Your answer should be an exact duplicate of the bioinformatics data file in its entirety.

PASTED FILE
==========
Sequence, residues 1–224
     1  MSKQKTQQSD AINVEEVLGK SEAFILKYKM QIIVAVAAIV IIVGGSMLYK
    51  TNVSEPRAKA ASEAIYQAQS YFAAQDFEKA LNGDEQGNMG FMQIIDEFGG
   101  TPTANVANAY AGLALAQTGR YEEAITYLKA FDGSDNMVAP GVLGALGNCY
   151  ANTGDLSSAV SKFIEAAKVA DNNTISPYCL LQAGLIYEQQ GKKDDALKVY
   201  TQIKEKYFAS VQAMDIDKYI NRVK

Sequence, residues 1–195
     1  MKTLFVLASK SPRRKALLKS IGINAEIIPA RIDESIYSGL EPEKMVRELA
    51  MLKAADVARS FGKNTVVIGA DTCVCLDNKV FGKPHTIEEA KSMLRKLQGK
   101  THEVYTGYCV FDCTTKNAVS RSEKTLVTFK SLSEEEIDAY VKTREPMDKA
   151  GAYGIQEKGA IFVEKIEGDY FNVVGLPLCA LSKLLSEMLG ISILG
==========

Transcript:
Sequence, residues 1–224
     1  MSKQKTQQSD AINVEEVLGK SEAFILKYKM QIIVAVAAIV IIVGGSMLYK
    51  TNVSEPRAKA ASEAIYQAQS YFAAQDFEKA LNGDEQGNMG FMQIIDEFGG
   101  TPTANVANAY AGLALAQTGR YEEAITYLKA FDGSDNMVAP GVLGALGNCY
   151  ANTGDLSSAV SKFIEAAKVA DNNTISPYCL LQAGLIYEQQ GKKDDALKVY
   201  TQIKEKYFAS VQAMDIDKYI NRVK

Sequence, residues 1–195
     1  MKTLFVLASK SPRRKALLKS IGINAEIIPA RIDESIYSGL EPEKMVRELA
    51  MLKAADVARS FGKNTVVIGA DTCVCLDNKV FGKPHTIEEA KSMLRKLQGK
   101  THEVYTGYCV FDCTTKNAVS RSEKTLVTFK SLSEEEIDAY VKTREPMDKA
   151  GAYGIQEKGA IFVEKIEGDY FNVVGLPLCA LSKLLSEMLG ISILG